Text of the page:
“The Pulitzer Prize–winning novelist returns with a collection of essays that are variously literary, political and religious . . . Robinson is a splendid writer, no question—erudite, often wise and slyly humorous (there is a clever allusion to the birther nonsense in a passage about Noah Webster). Articulate and learned descriptions and defenses of the author's Christian faith.” —Kirkus

“Author of the Pulitzer Prize–winning novel Gilead, Robinson weighs in with a series of tightly developed essays, some personal but mostly more general, on the Big Themes: social fragmentation in modern America, human frailty, faith. Her project is a hard-edged liberalism, sustained by a Calvinist ethic of generosity . . . In these times of the ever-ascending religious right, in the aftermath of what she sees as the ideologically secularist-driven cold war, Robinson bravely explores the corrosive potion of ‘Christian anti-Judaism’ and what it really ought to mean to be ‘a Christian nation.’”—Publisher’s Weekly (starred review)

“There is more food for thought in one of Robinson’s well-turned paragraphs than in entire books. Esteemed for her award-winning novels Gilead (2004) and Home (2008), Robinson is a consummate and clarion essayist. In her third and most resounding collection, she addresses our toxic culture of diminishment, arguing that as our view of society shrinks, public discourse coarsens, corruption spreads, education is undermined, science denigrated, spirituality and loving kindness are siphoned from religion, and democracy itself is imperiled . . . Intellectually sophisticated, beautifully reasoned with gravitas and grace, Robinson’s call to reclaim humaneness beams like the sun breaking through smothering clouds . . . The great success of Robinson’s novels will ensure interest in her brilliant reflections on the most urgent questions of our lives.” —Booklist (starred review)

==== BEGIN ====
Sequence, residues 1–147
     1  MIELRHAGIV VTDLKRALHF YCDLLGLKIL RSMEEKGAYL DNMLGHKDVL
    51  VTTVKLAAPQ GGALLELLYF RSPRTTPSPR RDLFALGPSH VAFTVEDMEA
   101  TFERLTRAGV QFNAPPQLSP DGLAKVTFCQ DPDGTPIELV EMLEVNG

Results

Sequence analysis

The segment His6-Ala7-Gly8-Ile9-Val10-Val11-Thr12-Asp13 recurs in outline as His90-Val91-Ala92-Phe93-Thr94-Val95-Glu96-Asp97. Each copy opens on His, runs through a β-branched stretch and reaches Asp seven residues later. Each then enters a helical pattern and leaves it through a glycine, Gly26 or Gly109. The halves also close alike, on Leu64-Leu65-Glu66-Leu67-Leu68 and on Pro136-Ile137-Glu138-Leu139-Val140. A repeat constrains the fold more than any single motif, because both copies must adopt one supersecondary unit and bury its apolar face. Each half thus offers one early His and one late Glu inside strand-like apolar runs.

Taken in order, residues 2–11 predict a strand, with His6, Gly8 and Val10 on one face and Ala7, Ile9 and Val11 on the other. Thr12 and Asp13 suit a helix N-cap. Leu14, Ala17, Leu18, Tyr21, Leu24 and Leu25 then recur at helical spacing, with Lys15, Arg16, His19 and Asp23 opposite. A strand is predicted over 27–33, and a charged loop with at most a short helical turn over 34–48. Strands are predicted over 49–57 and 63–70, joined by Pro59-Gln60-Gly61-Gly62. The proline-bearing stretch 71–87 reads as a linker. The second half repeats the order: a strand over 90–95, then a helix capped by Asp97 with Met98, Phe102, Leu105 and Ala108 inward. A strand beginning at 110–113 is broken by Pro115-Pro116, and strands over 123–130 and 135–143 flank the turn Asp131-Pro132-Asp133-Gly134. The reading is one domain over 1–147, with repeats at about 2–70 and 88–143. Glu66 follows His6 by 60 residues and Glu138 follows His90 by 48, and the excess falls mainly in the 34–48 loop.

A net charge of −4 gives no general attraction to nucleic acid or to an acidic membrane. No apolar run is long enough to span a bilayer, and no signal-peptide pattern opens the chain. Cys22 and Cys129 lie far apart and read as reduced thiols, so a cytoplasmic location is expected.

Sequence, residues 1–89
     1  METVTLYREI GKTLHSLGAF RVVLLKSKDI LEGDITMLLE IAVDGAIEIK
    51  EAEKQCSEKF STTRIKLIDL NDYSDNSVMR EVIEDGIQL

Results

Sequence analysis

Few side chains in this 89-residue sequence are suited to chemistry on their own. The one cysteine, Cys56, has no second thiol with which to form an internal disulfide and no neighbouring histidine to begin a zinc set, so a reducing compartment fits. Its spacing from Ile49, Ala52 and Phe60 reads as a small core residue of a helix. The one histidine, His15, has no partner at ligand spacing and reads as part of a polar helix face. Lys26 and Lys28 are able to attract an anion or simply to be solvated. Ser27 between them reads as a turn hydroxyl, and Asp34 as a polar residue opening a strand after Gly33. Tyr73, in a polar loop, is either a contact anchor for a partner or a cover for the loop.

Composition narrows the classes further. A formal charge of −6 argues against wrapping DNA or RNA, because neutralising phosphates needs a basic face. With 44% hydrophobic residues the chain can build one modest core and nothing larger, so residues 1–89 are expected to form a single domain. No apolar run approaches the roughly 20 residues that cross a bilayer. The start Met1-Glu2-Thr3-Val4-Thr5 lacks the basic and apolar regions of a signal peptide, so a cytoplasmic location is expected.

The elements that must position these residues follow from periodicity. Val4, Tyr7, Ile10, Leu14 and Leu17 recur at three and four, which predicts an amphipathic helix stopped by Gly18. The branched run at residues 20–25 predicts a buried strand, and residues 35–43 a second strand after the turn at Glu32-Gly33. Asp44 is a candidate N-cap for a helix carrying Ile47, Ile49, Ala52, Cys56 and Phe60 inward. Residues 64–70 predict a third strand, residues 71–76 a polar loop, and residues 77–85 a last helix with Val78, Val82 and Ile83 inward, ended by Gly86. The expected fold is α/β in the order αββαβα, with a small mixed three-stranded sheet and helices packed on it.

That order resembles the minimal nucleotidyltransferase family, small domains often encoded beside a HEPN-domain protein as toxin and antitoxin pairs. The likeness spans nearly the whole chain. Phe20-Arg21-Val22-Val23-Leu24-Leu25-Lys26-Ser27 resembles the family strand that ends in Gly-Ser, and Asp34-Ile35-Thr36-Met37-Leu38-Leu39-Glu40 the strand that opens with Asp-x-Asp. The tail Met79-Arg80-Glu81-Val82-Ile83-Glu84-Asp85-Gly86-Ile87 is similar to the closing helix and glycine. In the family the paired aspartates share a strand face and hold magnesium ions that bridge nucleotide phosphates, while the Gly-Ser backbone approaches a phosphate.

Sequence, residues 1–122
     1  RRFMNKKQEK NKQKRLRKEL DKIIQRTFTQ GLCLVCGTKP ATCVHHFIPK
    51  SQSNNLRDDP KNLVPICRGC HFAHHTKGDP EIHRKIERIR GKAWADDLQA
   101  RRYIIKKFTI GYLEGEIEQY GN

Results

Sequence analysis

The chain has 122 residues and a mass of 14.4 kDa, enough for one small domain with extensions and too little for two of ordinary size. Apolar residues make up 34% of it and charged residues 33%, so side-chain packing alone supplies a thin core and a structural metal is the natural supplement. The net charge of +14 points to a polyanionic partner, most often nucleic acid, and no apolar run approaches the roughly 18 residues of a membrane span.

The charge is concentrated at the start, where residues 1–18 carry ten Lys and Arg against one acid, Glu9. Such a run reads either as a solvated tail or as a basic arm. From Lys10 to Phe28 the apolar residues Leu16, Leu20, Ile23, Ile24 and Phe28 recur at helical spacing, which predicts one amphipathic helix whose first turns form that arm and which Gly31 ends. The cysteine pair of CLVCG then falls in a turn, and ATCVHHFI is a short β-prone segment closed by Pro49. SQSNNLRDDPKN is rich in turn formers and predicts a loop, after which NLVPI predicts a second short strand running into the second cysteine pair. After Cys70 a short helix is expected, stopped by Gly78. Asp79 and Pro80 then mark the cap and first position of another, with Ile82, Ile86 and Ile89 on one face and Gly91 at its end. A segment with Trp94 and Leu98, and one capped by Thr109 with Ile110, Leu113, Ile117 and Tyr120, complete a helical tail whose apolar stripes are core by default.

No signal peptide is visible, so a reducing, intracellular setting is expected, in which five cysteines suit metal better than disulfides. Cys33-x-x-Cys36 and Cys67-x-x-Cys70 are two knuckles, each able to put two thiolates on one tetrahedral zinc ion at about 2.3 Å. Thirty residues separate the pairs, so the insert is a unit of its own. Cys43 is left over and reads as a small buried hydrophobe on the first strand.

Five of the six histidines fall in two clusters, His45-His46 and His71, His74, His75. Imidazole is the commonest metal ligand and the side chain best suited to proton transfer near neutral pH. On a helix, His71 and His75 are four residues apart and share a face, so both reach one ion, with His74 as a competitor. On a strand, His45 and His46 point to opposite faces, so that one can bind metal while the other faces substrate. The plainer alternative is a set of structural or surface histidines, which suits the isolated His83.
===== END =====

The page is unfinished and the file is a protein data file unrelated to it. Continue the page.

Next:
“The indomitable Marilynne Robinson radiates genius in her collection of essays.” —Vanity Fair

“[When I Was a Child I Read Books] is the equivalent of an uncommon library ticket, an admission to the subjects that most obsess her: the frail human enterprise, faith and its absence, mysteries that elude language. . . This book is scholarly closework, as painstaking as a Victorian sampler but more subtle. She is determined never to undervalue or oversimplify. There is a sense that to be meditative is a necessary part of being alive. She is especially clear on the absurdity of seeing religion and science as adversarial . . . Robinson is adept at studying the small print and reading between the lines but she never forgets to look up at the stars.” —Kate Kellaway, The Guardian